2012-09-15 23:19
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I currently use Cython to link C and Python, and get speedup in slow bits of python code. However, I'd like to use goroutines to implement a really slow (and very parallelizable) bit of code, but it must be callable from python. (I've already seen this question)

I'm (sort of) happy to go via C (or Cython) to set up data structures etc if necessary, but avoiding this extra layer would be good from a bug fix/avoidance point of view.

What is the simplest way to do this without having to reinvent any wheels?

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我目前使用Cython链接C和Python,并以慢速的python代码获得加速。 但是,我想使用goroutines来实现一个非常慢(并且非常可并行化)的代码,但是它必须可以从python调用。 (我已经看过这个问题 < p>如果有必要,我很乐意通过C(或Cython)来建立数据结构等,但是从错误修复/避免的角度来看,避免增加这一层是很好的。 \ n


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  • doujiao3016 2015-09-27 21:29

    Update 2015: possible as of Go 1.5

    with Go 1.5 you can build .so objects and import them as Python modules, running Go code (instead of C) directly from Python.

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  • dou29106 2012-09-16 01:39

    Unfortunately, this is not currently possible. Go can run C code (and that C code can then call back into Go), but the main function has to be in Go, so the Go runtime can set things up.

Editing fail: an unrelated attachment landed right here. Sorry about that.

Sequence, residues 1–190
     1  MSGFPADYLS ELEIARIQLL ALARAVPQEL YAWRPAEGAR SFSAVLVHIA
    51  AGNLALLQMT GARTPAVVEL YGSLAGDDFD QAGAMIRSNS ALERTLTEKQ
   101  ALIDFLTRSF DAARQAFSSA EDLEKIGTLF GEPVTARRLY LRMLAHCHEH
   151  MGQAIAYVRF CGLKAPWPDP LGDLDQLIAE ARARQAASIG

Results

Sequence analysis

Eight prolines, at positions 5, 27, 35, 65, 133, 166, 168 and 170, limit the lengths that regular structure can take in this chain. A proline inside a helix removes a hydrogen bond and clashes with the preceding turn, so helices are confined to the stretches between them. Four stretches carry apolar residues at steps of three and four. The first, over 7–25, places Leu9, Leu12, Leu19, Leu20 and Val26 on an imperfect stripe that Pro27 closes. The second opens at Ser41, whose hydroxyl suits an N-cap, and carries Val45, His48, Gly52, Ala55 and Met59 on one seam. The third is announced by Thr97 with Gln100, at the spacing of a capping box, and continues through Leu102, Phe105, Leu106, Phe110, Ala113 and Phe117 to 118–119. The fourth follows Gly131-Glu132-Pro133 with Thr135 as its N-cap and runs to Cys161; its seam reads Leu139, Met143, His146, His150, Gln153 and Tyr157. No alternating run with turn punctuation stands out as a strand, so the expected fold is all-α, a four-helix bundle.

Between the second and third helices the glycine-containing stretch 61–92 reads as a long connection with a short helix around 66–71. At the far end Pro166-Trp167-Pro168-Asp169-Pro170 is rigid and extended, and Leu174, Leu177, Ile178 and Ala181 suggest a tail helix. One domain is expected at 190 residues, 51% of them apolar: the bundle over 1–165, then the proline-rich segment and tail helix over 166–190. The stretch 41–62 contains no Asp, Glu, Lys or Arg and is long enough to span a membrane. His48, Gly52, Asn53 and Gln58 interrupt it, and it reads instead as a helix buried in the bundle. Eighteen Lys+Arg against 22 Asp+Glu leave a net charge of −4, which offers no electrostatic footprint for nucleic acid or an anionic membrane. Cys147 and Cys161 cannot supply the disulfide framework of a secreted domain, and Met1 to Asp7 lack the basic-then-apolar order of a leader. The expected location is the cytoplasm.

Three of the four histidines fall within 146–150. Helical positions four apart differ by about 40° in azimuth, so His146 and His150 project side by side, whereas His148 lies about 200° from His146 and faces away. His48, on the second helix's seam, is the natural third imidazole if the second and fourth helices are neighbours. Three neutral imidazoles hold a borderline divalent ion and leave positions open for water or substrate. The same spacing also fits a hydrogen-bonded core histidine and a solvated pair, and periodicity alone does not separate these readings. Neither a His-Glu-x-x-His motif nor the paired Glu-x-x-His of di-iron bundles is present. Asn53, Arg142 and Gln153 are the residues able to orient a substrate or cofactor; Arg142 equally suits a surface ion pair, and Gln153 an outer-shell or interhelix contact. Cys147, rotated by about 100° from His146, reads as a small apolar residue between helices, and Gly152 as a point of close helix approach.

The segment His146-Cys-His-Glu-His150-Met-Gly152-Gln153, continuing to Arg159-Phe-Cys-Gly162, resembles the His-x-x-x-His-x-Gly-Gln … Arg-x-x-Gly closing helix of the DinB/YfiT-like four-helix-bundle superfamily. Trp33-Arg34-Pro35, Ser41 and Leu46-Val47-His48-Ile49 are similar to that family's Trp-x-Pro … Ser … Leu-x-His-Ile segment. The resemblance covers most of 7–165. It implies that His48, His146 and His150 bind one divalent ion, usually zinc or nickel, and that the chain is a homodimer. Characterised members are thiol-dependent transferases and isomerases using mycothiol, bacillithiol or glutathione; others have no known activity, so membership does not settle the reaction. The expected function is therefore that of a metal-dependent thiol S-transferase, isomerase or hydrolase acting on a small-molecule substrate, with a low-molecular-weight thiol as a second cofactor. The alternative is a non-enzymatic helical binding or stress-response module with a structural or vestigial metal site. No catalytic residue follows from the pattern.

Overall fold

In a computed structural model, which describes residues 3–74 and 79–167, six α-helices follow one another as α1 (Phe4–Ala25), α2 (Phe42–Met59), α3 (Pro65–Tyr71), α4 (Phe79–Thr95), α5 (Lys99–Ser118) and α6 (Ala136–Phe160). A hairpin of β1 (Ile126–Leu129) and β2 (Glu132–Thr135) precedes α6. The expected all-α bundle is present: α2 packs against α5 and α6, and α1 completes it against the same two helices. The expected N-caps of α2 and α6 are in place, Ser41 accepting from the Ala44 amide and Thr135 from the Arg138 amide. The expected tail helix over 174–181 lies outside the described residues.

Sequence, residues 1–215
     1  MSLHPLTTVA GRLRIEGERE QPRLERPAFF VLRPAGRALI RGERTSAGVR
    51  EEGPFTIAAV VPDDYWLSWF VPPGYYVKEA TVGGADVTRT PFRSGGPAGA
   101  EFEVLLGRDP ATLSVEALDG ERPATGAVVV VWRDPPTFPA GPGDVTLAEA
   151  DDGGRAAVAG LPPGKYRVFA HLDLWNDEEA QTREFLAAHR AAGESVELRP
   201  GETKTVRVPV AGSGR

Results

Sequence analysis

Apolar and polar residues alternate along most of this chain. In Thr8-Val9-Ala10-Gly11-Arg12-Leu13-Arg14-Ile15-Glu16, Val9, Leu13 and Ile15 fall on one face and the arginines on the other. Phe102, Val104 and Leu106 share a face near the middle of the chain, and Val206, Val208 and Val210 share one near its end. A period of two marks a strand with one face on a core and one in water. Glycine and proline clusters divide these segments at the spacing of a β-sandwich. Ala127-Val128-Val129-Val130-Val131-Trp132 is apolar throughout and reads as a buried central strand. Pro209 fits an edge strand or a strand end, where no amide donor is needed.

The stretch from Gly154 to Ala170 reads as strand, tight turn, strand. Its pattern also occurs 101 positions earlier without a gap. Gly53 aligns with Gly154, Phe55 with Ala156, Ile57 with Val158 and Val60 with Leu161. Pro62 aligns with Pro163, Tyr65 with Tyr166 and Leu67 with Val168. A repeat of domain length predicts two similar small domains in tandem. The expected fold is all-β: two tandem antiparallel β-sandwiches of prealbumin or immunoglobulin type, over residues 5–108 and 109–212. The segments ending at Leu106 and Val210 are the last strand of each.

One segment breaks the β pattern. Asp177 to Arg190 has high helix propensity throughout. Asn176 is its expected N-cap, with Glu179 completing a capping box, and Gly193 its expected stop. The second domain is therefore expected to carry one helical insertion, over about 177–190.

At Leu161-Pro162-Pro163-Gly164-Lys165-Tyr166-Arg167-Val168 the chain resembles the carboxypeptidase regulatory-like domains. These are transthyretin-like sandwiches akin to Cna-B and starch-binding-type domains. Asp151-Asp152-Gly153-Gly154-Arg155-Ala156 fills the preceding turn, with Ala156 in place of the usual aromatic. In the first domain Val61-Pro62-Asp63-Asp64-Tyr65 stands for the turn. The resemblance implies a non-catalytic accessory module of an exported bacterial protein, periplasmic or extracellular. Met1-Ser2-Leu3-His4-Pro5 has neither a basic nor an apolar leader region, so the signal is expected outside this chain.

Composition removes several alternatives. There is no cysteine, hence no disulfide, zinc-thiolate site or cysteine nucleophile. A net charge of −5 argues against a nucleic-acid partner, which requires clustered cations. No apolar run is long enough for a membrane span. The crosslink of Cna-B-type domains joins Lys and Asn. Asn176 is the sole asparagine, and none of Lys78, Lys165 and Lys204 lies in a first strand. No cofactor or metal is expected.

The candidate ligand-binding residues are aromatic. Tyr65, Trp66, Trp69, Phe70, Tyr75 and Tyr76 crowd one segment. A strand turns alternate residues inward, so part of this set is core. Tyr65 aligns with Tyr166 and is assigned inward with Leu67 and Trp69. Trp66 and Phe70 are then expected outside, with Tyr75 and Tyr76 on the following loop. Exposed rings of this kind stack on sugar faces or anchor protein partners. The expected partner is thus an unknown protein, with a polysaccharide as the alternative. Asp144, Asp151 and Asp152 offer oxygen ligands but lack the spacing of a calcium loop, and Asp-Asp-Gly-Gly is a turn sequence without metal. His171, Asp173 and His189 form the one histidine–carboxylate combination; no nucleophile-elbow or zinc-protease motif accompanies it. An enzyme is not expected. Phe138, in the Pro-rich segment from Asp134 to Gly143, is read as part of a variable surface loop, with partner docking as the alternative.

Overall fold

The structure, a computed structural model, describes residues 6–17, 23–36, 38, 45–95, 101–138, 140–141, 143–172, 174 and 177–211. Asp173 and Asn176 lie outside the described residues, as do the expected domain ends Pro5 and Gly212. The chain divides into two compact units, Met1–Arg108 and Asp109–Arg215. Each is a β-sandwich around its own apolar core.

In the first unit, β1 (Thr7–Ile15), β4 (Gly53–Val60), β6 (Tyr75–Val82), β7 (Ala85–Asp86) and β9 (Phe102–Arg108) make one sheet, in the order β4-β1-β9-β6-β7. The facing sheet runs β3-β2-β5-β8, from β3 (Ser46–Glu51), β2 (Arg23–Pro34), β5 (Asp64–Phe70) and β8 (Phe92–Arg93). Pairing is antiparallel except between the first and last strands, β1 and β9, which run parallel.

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  • duancan8382 2012-09-17 03:28

    There is a go-python package precisely to help you write Python extensions in Go:

    this package provides an executable "go-python" which just loads "python" and then call python.Py_Main(os.Args). the rational being that under such an executable, go based extensions for C-Python would be easier to implement (as this usually means calling into go from C through some rather convoluted functions hops)

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  • dougaimian1143 2017-02-01 05:52

    I've written an extension to setuptools which allows you to write cpython extensions that interface with go:

    There's a couple example extensions here:

    The neat thing is these can be installed just like any other pip package and support both cpython and pypy.

    PEP 513 manylinux1 wheels can also be built to provide pre-built wheels via the setuptools-golang-build-manylinux-wheels tool.

    The approach is nearly identical to the one in @ColonelPanic's answer but uses some additional tricks to enable python2 + python3 compatibility.

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